Art Art History

Gustav Klimt: The Cat-Crazed Womanizer Behind History’s Most Famous Kiss

Image courtesy of Imagno/Getty.

If you had to choose one shoddily reproduced work of art from the dusty window display of your neighborhood thrift shop, your shrewdest pick would undoubtedly be The Kiss, 1907-08, Gustav Klimt’s gilded masterpiece. The sensual image of two lovers intertwined in an envy-inspiring embrace is now so ubiquitous—hung in dorm rooms and hotel lobbies, printed on toilet seats and lingerie sets—that its magnificence has been trivialized. The rebellious life of its Austrian symbolist painter has likewise been overshadowed by the image’s commercial success, an amusing thought given the free-spirited philanderer’s provocative bent.

Standing in stark contrast to his most celebrated works—dazzling, gold-leafed Art Nouveau portraits such as Lady with a Fan, 1918, and Judith and the Head of Holofernes, 1901, each refined and exotic—Klimt was an eccentric whose erotic drawings and shameless disposition left his detractors reeling. Father to an alleged 14 children, sexual partner to innumerable female muses, and keeper of a great number of cats (whose bodily fluids made their way into his work), Klimt—who once claimed “there is nothing special about me”—was far more radical than he let on. 

Gustav Klimt The Kiss, 1907-08. Image courtesy of the Belvedere Museum Vienna.

Born into poverty in 1862 on the outskirts of Vienna, the painter rejected the status quo in every facet of life, favoring artistic freedom over commercial success, sexual liberation over marital commitment, and unabashed self-expression over conformity. Ironically, given his post-mortem reputation, he was a founding member and early president of the reformist Vienna Secession movement, which prided itself on championing artistic liberty over the commercial viability of art. 

Commissioned by the Austrian Ministry in 1894 to paint an intricate series of ceiling murals in the University of Vienna’s Great Hall, Klimt seized a rare chance to publicly display his own sexual ideals. At the long-awaited unveiling, visitors gaped at the reveal of the massive compositions. Klimt’s mural Medicine featured a number of nude figures, their pubic hair on view to those standing below. “Perverted excess!” visitors cried. Klimt, never one to succumb, opted to leave his commissioners with a parting gift: a painting titled To My Detractors (its title was later changed to Goldfish) featuring a naked woman exposing her rear to the viewer with a sly look on her face. Needless to say, Klimt’s murals were never publicly displayed at the university.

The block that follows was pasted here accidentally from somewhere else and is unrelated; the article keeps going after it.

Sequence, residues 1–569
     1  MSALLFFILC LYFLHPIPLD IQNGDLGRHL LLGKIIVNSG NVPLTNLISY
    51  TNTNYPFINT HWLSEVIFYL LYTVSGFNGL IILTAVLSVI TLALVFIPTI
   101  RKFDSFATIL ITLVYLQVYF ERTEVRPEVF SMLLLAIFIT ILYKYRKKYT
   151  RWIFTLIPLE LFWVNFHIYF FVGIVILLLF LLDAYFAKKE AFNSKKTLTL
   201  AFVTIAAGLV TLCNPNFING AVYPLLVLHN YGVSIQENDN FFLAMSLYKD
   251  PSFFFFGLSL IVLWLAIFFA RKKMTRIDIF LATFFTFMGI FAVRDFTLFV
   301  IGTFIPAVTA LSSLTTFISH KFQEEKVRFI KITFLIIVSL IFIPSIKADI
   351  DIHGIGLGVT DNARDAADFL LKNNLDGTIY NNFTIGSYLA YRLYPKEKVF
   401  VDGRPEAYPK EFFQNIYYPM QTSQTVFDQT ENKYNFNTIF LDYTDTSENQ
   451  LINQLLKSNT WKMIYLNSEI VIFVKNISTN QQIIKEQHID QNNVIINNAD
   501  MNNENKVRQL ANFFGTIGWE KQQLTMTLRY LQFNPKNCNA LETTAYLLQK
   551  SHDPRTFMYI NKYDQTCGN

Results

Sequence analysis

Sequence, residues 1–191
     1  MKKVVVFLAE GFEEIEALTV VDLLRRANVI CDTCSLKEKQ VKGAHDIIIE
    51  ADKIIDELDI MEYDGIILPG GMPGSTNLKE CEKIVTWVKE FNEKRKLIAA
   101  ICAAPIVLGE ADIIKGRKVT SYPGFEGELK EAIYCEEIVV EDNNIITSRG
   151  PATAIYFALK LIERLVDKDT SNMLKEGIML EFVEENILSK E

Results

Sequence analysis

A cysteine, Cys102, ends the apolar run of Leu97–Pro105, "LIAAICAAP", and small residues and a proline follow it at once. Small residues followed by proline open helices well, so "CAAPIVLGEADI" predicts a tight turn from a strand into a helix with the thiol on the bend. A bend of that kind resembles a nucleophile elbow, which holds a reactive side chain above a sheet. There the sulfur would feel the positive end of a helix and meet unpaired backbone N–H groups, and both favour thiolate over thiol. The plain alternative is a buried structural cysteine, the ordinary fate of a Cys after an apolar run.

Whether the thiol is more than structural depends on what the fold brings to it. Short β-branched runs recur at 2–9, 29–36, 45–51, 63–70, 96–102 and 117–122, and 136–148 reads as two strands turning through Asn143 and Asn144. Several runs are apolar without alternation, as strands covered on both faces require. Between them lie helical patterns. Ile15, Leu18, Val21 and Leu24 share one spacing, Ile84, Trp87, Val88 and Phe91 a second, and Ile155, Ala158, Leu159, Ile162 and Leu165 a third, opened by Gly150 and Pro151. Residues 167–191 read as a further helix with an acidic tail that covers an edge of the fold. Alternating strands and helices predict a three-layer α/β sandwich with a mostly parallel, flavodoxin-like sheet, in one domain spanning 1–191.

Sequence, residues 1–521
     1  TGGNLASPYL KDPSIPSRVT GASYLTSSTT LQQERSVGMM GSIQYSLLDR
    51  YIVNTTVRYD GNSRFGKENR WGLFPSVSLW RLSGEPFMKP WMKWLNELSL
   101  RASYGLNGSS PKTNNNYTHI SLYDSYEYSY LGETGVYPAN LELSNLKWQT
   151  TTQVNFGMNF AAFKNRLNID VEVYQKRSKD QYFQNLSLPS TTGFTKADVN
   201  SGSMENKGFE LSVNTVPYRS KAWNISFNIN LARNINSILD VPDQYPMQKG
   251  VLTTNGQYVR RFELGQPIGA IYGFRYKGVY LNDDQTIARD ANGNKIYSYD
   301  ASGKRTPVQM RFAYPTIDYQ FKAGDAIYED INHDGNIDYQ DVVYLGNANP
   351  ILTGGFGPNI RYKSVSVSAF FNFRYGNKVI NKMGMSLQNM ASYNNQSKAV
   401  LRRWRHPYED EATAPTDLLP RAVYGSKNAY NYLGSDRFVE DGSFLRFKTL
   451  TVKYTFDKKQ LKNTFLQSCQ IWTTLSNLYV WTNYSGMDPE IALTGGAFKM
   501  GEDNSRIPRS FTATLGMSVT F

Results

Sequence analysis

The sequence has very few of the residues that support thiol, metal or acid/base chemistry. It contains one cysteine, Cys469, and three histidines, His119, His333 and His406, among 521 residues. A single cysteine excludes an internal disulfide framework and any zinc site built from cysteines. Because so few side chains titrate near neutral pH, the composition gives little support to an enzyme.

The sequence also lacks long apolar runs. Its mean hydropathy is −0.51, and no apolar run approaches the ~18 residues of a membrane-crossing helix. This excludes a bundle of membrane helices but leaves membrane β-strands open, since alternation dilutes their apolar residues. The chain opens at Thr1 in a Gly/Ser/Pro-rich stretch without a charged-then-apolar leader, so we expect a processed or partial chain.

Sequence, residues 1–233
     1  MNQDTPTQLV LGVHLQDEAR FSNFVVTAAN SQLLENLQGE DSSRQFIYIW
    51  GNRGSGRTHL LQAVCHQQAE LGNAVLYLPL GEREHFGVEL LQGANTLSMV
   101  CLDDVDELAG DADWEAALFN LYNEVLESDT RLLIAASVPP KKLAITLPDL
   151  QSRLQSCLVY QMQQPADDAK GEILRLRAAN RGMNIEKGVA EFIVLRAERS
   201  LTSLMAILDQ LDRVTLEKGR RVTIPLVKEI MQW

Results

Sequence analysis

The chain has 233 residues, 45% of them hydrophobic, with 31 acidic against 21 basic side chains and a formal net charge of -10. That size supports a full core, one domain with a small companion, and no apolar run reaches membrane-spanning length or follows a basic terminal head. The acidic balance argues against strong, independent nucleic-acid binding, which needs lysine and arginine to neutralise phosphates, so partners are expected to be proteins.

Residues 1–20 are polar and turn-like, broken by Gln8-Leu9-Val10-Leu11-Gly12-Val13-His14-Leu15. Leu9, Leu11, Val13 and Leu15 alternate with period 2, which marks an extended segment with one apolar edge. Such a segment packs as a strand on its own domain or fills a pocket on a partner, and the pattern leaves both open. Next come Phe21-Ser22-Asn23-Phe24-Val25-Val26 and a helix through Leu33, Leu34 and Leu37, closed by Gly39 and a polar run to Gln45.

Gustav Klimt, Goldfish, 1902. Image courtesy of Artsy.

In his personal life, Klimt was no less unabashed. According to accounts from friends and aides, the artist wandered around wearing nothing but an oversized smock, fell into bed with the many muses depicted in his portraits, and used cat urine as a fixative, much to the chagrin of preservationists. Though he had a lifelong partnership with the designer Emilie Louise Flöge, the two were never married. "If the families of the girls and women of the high society [only] knew under what conditions he carries out their portraits," said Sonja Knips after posing for the painter. 

Indeed, the artist's eye developed in tandem with his sexual appetite. In the privacy of his studio, Klimt drew countless erotic illustrations which grew increasingly raunchy as the artist matured. Though he kept most of the drawings private, in 1907 he published Dialogues of the Courtesans, an illustrated edition of Lucian’s ancient texts accompanied by 15 titillating line drawings. Masturbating women, drawn in quick orange swirls to convey the ecstasy of their pleasure, were among the infinite sexual fantasies—or lived realities—Klimt committed to paper.

Gustav Klimt, Masturbating, 1912-13. Image courtesy of the Leopold Museum.

Today, Klimt’s works continue to be objects of scandal, though of a much different order. In the past three years alone, his paintings have been the subject of restitution cases, unsolved heists, clandestine possessions, and climate activism-inspired defacement. Meanwhile, the Klimt commercialization craze grows as his works are plastered onto face masks and projected through AI-generated digital pixels into dizzyingly immersive installations. Despite his status as an enfant terrible in life, Klimt's legacy is arguably stranger than the man himself.